On a snowy morning, Holmes the pig only came out of his warm sty when he heard the voices of the farm team

A goat in a coat

Yurt in the snow

Sweeping the henhouse where the poultry live safe from foxes

Goats munching on Christmas trees

Tanya checking on vegetable seedlings in the polytunnels

Tess winter weeding the polytunnels

Tess harvesting the last of the Kohlrabi

Winter salad leaves – chard, kohlrabi, kale and fennel – aromatic and delicious

Bella the farm cat

Volunteer Yanne digging the manure heap, used in rotation once well rotted

Yanne adding compost to the raised beds in the polytunnels in preparation for sowing seeds

Yanne visits one day a week and volunteers with the team

Gold Sebright hens – the farm champions rare and rescue breeds

Goat keeping an eye on passersby in the farm yard which is quieter without visitors

The sheep in their ‘Worshipful Company of Woolmen’ shelter

Beatrix the one-eared sheep

Holmes the pig is very affectionate and likes to chat with people passing

Photographs copyright © Rachel Ferriman

Support the work of the Spitalfields City Farm

You may also like to read about

Lutfun Hussain, the Coriander Club

Spinach & Eggs from the City Farm

Sheepshearing at Spitalfields City Farm

Holmes & Watson, Spitalfields Piglets

21 Responses leave one →
  1. February 28, 2021

    A lovely story and beautiful photos. Some of the sheep look like they are smiling! It made me smile this morning to see this post.

  2. February 28, 2021

    Lovely bunch of photos. Made me smile too.
    It’s so warming to see happy animals !

  3. February 28, 2021

    What a treat! Delighted to see goats recycling Christmas trees with so much joy. I accidentally stumbled upon the Rotherhithe city farm a few years ago and can thoroughly recommend a visit, hard by the river in what was once a receiving station for smallpox patients.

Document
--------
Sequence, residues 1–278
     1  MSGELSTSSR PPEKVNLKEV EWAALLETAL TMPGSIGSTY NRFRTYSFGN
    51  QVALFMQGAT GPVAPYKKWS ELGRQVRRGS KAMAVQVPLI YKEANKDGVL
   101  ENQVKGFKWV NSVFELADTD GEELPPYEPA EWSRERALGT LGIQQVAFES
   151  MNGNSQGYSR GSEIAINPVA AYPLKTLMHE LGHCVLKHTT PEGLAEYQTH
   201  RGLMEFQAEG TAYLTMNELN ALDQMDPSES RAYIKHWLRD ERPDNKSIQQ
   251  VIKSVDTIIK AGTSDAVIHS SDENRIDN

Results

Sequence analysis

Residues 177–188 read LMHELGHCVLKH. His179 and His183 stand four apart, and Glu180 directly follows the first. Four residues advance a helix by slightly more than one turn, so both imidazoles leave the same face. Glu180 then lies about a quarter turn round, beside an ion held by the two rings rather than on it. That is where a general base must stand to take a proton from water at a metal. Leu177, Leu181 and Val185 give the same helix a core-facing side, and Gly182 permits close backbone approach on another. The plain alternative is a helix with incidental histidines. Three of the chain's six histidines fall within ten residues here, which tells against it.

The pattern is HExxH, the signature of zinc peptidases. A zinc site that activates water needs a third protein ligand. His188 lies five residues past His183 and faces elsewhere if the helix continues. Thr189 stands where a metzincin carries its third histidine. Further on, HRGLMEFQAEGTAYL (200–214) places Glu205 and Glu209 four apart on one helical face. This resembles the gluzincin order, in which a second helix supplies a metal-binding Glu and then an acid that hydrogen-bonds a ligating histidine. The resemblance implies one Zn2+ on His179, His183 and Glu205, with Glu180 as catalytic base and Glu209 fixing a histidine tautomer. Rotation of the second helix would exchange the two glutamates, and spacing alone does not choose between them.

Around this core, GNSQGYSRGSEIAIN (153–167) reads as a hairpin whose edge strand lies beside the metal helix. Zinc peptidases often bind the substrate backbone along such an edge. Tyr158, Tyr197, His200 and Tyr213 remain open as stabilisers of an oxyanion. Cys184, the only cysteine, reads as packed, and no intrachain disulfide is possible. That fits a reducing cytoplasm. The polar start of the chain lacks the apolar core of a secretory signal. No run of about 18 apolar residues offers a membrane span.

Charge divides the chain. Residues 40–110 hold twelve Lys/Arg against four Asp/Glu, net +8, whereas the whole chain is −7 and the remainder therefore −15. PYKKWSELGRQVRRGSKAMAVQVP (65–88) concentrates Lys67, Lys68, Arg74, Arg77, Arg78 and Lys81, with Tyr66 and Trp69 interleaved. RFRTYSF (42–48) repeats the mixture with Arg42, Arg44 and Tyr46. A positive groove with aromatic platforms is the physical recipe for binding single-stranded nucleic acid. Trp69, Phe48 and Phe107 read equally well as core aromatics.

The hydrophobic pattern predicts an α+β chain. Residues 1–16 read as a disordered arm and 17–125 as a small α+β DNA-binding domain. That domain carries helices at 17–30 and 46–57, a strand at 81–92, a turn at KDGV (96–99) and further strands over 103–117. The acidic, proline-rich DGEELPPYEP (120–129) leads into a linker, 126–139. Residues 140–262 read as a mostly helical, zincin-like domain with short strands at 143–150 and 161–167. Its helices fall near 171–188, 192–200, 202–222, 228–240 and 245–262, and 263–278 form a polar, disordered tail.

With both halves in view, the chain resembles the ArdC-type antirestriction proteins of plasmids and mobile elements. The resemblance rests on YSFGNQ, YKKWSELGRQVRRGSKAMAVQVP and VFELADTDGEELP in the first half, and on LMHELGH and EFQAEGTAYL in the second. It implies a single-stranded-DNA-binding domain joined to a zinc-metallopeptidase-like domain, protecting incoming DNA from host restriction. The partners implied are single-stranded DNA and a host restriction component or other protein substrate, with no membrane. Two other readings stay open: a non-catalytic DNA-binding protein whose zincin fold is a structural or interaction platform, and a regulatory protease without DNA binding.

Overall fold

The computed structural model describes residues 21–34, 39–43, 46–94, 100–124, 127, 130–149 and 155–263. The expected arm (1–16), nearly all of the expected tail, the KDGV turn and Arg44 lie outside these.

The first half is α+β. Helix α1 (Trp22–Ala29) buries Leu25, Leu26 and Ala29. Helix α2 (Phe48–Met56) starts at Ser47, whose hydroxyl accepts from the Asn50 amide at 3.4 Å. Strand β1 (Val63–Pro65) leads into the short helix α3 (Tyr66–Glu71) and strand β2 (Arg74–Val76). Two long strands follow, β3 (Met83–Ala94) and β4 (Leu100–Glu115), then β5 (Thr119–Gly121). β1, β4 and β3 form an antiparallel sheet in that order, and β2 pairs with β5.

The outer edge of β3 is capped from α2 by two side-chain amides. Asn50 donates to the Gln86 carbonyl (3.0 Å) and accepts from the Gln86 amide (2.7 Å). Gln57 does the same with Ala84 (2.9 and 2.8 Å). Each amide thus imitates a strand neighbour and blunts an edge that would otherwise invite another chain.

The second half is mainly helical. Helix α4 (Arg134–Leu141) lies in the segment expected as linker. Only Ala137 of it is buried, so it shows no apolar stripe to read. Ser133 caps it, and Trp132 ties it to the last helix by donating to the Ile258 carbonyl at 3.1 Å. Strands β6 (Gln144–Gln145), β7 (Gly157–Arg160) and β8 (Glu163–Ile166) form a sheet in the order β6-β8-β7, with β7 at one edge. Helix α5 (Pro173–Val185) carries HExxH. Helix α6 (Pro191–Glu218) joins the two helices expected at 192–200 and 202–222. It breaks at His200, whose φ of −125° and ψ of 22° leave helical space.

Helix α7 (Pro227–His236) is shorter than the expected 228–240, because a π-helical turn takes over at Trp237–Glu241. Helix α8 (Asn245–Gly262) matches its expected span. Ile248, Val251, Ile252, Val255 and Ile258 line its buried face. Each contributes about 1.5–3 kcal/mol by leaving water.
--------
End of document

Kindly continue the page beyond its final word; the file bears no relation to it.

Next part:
4. February 28, 2021

    What a lovely way to start my birthday to see this lovely little farm with the animals so well treasured – ajewel in the crown indeed! Thank you

  5. Jill Wilson permalink
    February 28, 2021

    Love those designer hens… it looks like someone has been busy drawing around their feathers with a black pen!

    I hope your next report will be able to include children enjoying the farm.

  6. February 28, 2021

    lovely piece…beaitiful creatures…

  7. Barbara Hague permalink
    February 28, 2021

    Wonderful pictures – will show them to my grandchildren.

  8. February 28, 2021

    what fine animals and lovely to see, thanks

  9. February 28, 2021

    Bella certainly deserves her name. Love the goats, and Holmes, of course. Can anyone go by without chatting with Holmes?

  10. February 28, 2021

    Wonderful photos by Rachel Ferriman. I loved looking closely and deeply into the wise eyes of these animals, thanks to her photos. These images, and your essay, provide such calm assurance that the animals are getting the best of care — and I call THAT a “good news” story for this Sunday morning.

    Keep us updated — I look forward to our next visit to the Farm. I am quite smitten with Holmes. Such charisma!?

  11. Amanda Bush permalink
    February 28, 2021

    Beautiful photographs. I visited regularly when my granddaughter was small.
    Is the other pig, Watson, no longer there?

  12. Robin permalink
    February 28, 2021

    Oh wonderful. Just wonderful!
    Holmes in particular is a charmer.

  13. paul loften permalink
    February 28, 2021

    Holmes has put paid to the phrase “pig ignorant”. Such an intelligent fellow . Thank you, Rachel and the Farm for the photos

  14. Jennifer Newbold permalink
    February 28, 2021

    These photographs really gave me a lift today. All these creatures seem to have a definite personality (creature-ality?) and a sunny outlook. What a treasure!